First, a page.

WEDNESDAY, June 1 (HealthDay News) -- In a tough economy, many people find themselves taking a job that requires a long commute, but new research suggests that there may be a high personal price to pay for that decision.
In fact, a researcher from Sweden found that those who travel long distances to work are more likely to separate from their spouse or partner than those who work closer to home.
Erika Sandow, a social geographer at Umea University, mapped long-distance commuting in Sweden and examined its effects on income and relationships. In analyzing more than 2 million adults who were married or living with a significant other, Sandow found that those who commute long distances do, in fact, gain access to more jobs and better career opportunities, but not without sacrifice on the home front.
Among her findings, Sandow pointed out that 11 percent of those studied spent at least 90 minutes traveling each day (round-trip). The results also revealed that a large percentage of long-distance commuters have small children and their families are rooted in their community. However, once they begin the routine of a long commute, most stick with it. In fact, more than half of those who commuted long-distance to work had been doing so for at least five years, she reported.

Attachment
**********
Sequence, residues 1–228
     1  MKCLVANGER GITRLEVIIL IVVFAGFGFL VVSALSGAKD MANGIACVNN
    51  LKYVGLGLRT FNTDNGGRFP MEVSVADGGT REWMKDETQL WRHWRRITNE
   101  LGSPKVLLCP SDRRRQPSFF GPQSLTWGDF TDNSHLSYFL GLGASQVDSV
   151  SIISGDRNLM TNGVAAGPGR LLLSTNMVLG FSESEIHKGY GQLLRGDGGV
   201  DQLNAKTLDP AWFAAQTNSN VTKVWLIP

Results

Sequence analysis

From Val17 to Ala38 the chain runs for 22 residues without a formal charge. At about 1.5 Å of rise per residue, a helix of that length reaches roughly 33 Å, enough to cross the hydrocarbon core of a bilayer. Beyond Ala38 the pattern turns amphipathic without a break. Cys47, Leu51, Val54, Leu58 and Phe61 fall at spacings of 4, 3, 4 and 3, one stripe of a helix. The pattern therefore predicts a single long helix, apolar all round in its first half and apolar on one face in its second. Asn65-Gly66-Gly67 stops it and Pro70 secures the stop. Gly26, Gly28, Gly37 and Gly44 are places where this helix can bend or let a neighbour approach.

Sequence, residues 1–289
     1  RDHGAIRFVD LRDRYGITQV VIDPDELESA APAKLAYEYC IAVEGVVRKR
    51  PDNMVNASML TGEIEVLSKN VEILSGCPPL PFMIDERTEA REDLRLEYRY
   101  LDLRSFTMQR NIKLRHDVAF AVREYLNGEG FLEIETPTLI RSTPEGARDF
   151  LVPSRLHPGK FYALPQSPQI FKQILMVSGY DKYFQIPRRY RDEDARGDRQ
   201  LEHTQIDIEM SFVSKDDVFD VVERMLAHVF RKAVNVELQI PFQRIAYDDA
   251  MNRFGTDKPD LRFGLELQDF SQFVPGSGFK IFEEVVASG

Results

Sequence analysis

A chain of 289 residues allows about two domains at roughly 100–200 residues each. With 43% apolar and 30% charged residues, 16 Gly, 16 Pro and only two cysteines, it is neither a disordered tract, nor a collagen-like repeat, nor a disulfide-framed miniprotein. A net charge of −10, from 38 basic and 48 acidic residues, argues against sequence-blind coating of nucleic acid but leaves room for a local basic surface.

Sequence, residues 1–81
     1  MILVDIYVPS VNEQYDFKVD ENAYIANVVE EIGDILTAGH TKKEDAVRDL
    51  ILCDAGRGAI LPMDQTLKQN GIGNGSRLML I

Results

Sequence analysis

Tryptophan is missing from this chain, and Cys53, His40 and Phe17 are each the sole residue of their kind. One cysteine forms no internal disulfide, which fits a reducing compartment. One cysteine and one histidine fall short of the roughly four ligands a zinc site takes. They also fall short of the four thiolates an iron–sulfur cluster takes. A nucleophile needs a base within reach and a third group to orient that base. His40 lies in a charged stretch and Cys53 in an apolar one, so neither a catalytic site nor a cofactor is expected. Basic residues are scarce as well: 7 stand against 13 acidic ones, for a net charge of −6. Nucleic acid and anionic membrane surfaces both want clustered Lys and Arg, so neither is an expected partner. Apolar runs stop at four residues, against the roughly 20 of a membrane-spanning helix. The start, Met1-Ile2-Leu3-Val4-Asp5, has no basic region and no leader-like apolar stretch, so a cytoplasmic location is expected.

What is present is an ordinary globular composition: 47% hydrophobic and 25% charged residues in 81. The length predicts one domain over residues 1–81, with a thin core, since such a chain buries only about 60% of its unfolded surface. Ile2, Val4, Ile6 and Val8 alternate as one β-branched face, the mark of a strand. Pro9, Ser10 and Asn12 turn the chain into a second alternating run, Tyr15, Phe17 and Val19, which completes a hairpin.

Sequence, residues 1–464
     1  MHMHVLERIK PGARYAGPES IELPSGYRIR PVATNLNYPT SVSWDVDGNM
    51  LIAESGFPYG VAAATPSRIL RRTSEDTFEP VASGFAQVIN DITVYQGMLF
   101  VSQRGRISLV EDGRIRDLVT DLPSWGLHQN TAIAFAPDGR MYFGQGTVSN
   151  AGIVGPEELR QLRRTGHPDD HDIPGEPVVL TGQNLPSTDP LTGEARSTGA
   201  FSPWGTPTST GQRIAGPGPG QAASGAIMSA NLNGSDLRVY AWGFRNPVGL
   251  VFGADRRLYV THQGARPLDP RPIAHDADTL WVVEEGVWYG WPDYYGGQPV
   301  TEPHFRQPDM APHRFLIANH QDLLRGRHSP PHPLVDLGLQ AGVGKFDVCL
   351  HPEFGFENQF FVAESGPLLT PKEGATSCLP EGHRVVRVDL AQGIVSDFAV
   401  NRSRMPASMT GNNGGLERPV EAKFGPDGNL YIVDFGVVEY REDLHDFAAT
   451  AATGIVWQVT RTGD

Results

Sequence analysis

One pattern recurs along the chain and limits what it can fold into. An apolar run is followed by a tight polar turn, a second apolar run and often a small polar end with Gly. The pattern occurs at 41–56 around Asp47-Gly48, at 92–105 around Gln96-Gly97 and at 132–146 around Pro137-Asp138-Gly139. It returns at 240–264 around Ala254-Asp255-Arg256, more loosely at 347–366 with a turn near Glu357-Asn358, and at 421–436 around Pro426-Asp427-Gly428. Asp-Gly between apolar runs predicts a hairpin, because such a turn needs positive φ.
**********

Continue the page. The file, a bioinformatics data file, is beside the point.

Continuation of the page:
Although people do adapt to this type of travel over time, many relationships do not survive this long haul. Sandow's research found that long-distance commuters are 40 percent more likely to separate than other couples, particularly in the first years of the extended travel time.
Gender also comes into play, said Sandow. Most long-distance commuters are men, and their partners tend to earn less money, Sandow noted, adding that women often work part-time or take less qualified jobs closer to home in order to be able to pick up children at day care. As a result, many women are earning less and still having to take on the primary role as caretaker for the family and children, she found.
Although women who commuted also tended to have more opportunities and higher pay than those who didn't, earlier studies have shown they are more likely to feel stressed, pressured for time and less successful in their job compared with male commuters, Sandow noted in a university news release.
The findings should be considered preliminary until published in a peer-reviewed journal.
The U.S. Centers for Disease Control and Prevention offers more detailed information on marriage and divorce.